Published in Nature Nanotechnology, the team's research is also featured in the Stanford News. By structuring nanowires in a way that mimics geckos' ears, this team has found a way to record the incoming angle of light. This technology could have applications in robotic vision, photography and augmented reality.
"The typical way to determine the direction of light is by using a lens. But those are big and there's no comparable mechanisms when you shrink a device so it's smaller than most bacteria," states co-author and EE professor Shanhui Fan.
More detailed light detection could support advances in lens-less cameras, augmented reality and robotic vision, which is important for autonomous cars.
A long-term commitment This project began when co-author Dr. Zongfu Yu (EE postdoc & research associate '09-'13), was a student in Shanhui Fan's lab and took the initiative to combine his work there with research by Mark Brongersma and his lab. They made progress but had to put the work on hold while Yu applied for faculty positions and, subsequently, established his lab at the University of Wisconsin-Madison, where he is now an assistant professor of electrical and computer engineering and in whose lab Soongyu Yi works.
Many years later, and after publishing the current proof-of-concept, the researchers said they look forward to building on their results. Next steps include deciding what else they might want to measure from light and putting several nanowires side-by-side to see if they can build an entire imaging system that records all the details they're interested in at once.
"We've worked on this for a long time – Zongfu has had a whole life story between the start and end of this project! It shows that we haven't compromised on quality," Professor Brongersma said. "And it's fun to think that we might be here for another 20 years figuring out all the potential of this system."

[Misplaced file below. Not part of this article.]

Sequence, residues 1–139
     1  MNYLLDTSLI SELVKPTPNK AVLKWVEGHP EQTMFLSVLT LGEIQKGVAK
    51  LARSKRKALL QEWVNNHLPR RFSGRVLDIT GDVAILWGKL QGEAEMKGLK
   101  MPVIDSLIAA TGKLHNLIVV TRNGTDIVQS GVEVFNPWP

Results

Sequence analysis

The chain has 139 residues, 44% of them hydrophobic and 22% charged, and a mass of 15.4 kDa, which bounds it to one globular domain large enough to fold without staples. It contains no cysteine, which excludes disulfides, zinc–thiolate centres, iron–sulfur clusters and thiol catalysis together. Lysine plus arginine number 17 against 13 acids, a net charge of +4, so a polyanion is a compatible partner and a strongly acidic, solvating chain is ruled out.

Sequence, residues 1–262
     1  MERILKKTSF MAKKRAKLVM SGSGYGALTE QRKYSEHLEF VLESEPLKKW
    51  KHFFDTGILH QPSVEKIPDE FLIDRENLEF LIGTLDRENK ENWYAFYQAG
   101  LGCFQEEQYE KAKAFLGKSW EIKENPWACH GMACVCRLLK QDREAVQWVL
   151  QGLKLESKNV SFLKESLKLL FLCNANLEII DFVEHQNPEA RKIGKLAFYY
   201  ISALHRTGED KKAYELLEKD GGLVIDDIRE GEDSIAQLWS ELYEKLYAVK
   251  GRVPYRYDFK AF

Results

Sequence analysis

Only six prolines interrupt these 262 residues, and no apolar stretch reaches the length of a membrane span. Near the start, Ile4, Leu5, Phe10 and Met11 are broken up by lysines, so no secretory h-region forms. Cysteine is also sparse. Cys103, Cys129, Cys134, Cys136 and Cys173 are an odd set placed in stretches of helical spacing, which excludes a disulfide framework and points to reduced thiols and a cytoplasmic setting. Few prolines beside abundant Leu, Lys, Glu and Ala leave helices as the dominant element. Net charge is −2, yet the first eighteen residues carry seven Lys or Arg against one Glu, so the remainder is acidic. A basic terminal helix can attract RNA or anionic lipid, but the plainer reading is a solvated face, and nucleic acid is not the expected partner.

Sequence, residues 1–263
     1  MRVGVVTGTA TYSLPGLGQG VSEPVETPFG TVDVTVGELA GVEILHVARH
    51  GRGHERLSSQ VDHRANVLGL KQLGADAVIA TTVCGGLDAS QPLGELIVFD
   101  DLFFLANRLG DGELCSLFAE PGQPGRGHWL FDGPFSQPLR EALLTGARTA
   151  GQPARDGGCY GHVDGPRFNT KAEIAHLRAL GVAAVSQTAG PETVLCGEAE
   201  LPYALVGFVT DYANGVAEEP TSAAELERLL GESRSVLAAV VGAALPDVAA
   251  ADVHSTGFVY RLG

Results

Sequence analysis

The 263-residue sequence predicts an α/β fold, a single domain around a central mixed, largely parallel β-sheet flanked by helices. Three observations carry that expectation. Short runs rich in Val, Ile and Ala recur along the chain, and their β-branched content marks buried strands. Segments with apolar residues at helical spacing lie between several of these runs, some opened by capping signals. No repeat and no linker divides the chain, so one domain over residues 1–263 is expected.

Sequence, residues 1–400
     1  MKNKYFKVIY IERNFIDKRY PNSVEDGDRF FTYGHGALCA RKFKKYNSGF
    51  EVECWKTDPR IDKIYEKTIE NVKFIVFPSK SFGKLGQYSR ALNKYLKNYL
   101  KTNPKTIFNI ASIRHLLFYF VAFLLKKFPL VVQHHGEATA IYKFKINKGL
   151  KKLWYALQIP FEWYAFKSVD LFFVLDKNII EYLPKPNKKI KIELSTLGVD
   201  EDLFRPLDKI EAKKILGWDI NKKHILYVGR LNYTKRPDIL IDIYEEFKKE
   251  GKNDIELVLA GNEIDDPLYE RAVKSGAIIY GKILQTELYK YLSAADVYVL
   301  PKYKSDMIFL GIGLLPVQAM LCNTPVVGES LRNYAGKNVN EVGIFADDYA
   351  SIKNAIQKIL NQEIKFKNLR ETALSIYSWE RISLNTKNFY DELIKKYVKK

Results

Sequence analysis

Congratulations to all the authors!
Authors include: Soongyu Yi; Ming Zhou; Zongfu Yu; Pengyu Fan; Nader Behdad; Dianmin Lin (PhD, '16); Ken Xingze Wang; Shanhui Fan; Mark Brongersma. Abstract: Sensing the direction of sounds gives animals clear evolutionary advantage. For large animals, with an ear-to-ear spacing that exceeds audible sound wavelengths, directional sensing is simply accomplished by recognizing the intensity and time differences of a wave impinging on its two ears. Recent research suggests that in smaller, subwavelength animals, angle sensing can instead rely on a coherent coupling of soundwaves between the two ears. Inspired by this natural design, here we show a subwavelength photodetection pixel that can measure both the intensity and incident angle of light. It relies on an electrical isolation and optical coupling of two closely spaced Si nanowires that support optical Mie resonances. When these resonators scatter light into the same free-space optical modes, a non-Hermitian coupling results that affords highly sensitive angle determination. By straightforward photocurrent measurements, we can independently quantify the stored optical energy in each nanowire and relate the difference in the stored energy between the wires to the incident angle of a light wave. We exploit this effect to fabricate a subwavelength angle-sensitive pixel with angular sensitivity, δθ = 0.32°. Source, Nature Nanotechnology.
Paper link www.nature.com/articles/s41565-018-0278-9
- Stanford News, "Stanford engineers develop tiny light detectors that work like gecko ears", October 29, 2018.
- "Dianmin Lin (PhD '16) awarded the 2017 QEP Doctoral Research Prize", June 2017.